Andy Hyland
Office of Public Affairs

Chancellor surprises student who was named as KU's 20th Truman Scholar

Fri, 04/12/2019

LAWRENCE — When Sam Steuart paid a brief visit to University of Kansas Chancellor Douglas A. Girod’s office this week — ostensibly for a brief visit related to an upcoming presentation — the Topeka junior instead found balloons, cheers and hearty congratulations, along with news that he had been named as KU’s 20th Harry S. Truman Scholar.

Recipients of the Truman Scholarship receive $30,000 toward graduate school and the opportunity to participate in professional development programming to help them prepare for careers in public service leadership. This year, 346 colleges and universities nominated 840 candidates for the Truman Scholarship. Steuart is one of 62 students to receive a scholarship.

 “So many of us are tremendously proud of Sam and his many accomplishments, and he is certainly deserving of this national recognition,” Girod said. “I was grateful to have the opportunity to help him celebrate with a few close supporters, and I am confident he will go on to achieve his goals and make our Jayhawk community proud.”

Steuart, who is studying American studies and biochemistry while minoring in Spanish, has emphasized his undergraduate education on studying how socioeconomic status affects a person’s ability to receive health care and an education. He is preparing to pursue advanced degrees in medicine and public health.

He said he enjoyed the opportunity to celebrate the happy news with the chancellor and some of the educators who have helped him along the way, including Anne Wallen, program director of the Office of Fellowships, and Mary Klayder, University Honors lecturer in the Department of English.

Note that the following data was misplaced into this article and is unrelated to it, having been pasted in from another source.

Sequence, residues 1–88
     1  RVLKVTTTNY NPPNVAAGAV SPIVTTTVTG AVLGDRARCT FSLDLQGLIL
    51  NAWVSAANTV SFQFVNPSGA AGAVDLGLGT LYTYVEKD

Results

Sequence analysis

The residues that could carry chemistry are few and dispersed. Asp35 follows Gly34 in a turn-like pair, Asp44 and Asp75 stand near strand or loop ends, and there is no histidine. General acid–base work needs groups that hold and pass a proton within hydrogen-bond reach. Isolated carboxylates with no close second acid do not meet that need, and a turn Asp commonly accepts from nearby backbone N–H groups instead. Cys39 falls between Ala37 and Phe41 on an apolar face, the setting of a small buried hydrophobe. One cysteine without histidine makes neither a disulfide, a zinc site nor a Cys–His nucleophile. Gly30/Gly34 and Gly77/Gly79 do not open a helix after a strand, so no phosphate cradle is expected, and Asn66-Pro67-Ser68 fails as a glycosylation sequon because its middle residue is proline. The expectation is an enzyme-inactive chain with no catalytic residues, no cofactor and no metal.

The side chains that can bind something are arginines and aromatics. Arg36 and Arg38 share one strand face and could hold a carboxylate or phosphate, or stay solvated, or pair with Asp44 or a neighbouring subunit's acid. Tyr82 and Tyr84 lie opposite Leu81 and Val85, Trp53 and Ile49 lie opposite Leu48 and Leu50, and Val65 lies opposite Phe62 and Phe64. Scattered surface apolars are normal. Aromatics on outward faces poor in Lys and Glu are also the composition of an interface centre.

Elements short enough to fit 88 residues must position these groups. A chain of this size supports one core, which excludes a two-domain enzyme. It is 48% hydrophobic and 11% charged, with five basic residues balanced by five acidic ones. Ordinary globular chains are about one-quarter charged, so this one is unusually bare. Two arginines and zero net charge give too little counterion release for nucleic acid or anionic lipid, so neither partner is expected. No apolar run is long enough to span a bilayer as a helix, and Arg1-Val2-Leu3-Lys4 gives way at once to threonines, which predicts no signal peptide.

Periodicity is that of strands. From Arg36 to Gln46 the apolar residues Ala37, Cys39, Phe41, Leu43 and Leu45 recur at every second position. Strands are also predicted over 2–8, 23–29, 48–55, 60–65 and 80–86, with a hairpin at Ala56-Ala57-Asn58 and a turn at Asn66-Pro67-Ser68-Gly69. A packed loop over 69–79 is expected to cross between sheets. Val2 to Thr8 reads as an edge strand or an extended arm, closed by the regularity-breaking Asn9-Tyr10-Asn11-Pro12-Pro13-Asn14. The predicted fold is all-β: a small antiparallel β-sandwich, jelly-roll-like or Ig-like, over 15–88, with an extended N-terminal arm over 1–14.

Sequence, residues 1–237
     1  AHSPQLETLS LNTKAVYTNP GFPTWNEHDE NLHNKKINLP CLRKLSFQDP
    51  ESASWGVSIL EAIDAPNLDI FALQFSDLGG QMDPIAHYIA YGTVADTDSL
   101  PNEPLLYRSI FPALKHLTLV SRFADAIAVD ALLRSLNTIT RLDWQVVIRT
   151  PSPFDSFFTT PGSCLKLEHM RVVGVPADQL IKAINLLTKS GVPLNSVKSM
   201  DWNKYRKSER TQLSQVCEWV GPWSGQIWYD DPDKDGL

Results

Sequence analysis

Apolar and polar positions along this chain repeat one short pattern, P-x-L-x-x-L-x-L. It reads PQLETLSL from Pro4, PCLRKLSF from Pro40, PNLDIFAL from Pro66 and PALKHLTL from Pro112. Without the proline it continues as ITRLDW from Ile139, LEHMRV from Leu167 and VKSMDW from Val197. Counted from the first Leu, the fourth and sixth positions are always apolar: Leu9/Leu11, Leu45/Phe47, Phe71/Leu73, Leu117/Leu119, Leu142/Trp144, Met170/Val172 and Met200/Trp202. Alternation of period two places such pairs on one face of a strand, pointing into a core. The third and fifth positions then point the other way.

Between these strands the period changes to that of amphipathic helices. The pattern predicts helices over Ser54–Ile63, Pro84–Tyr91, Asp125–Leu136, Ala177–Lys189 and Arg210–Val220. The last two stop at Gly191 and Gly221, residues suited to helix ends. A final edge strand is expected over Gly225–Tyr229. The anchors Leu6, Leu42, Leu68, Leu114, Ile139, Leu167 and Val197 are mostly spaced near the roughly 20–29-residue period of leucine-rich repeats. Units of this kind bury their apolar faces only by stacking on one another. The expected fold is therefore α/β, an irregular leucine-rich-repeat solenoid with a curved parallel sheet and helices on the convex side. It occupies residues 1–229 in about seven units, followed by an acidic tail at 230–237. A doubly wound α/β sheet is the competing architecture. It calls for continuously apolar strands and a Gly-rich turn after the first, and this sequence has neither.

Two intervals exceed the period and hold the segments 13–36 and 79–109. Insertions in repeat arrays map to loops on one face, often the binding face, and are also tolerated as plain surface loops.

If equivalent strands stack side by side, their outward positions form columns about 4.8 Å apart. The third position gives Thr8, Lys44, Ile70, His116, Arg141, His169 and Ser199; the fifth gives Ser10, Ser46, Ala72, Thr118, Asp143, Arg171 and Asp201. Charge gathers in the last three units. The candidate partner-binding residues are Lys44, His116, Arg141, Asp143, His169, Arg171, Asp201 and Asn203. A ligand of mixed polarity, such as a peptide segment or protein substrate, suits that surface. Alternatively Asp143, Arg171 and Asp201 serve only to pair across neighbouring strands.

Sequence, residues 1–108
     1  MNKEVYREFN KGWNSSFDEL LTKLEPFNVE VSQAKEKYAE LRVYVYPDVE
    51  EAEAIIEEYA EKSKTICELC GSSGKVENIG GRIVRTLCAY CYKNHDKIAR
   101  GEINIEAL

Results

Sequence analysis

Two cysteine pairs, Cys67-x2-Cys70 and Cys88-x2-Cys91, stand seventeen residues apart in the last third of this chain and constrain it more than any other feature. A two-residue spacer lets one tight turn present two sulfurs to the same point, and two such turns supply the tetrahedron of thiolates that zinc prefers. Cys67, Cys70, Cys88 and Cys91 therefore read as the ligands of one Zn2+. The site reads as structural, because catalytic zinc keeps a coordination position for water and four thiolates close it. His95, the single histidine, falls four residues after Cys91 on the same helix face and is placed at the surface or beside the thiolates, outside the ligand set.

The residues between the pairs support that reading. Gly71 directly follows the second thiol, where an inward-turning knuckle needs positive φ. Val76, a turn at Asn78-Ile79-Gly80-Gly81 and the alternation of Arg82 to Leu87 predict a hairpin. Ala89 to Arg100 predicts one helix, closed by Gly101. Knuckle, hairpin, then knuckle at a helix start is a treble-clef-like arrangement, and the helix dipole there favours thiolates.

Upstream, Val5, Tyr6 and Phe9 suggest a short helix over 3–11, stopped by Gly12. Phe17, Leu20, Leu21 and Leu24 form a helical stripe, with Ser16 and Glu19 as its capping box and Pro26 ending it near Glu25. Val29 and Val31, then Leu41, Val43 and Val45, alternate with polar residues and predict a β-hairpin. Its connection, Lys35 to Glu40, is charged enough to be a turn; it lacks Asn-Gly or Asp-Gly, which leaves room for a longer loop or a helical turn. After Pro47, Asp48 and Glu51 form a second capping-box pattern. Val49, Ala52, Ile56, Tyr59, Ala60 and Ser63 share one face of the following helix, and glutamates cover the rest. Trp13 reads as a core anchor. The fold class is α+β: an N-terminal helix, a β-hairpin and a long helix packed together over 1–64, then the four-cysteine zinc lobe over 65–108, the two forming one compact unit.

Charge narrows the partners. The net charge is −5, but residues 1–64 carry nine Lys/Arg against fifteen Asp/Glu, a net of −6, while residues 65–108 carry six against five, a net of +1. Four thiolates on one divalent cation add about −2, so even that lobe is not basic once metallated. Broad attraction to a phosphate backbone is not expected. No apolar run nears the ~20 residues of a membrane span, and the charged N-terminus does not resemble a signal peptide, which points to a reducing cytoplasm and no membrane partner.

“I am incredibly thankful to be a Truman Scholar because I look forward to the opportunity it provides me to give back to the members of the community who raised me. This process has taught me so much about how to make a meaningful impact on a broad scale, so I am excited to continue learning how to be the leader I aspire to be,” Steuart said. “I want to create more opportunities that provide others with similar experiences as the ones I, thankfully, accessed.”

He said he intends to become a physician who creates and advocates for policies that help ensure all populations, especially low-income and at-risk children, have equitable access to health care and an education.

For the Truman Scholarship application, Steuart had to develop a policy proposal, and he detailed a policy that would promote the implementation of more school-based health centers in schools across Kansas. School-based health centers provide comprehensive primary, preventive and mental health care that help take into account the conditions where adolescents live, grow and play.

Beyond simply submitting it for the application, Steuart has taken additional steps to implement the policy in the real world, collecting data and information from a school community in Topeka and discussing the policy proposal with health officials at the state of Kansas.

He said he plans to continue to advocate for the policy and partner with state government to progress the work in the future.

“So many amazing people have invested in me — my family, members of my community growing up and everyone here at KU,” he said. “I owe everything to pay that forward.”

Steuart will receive his award in a ceremony at the Harry S. Truman Presidential Library & Museum in May.

Students interested in applying for the Truman and other national scholarships are encouraged to contact the Office of Fellowships, a unit of Undergraduate Studies.

Photos by Meg Kumin, KU Marketing Communications.

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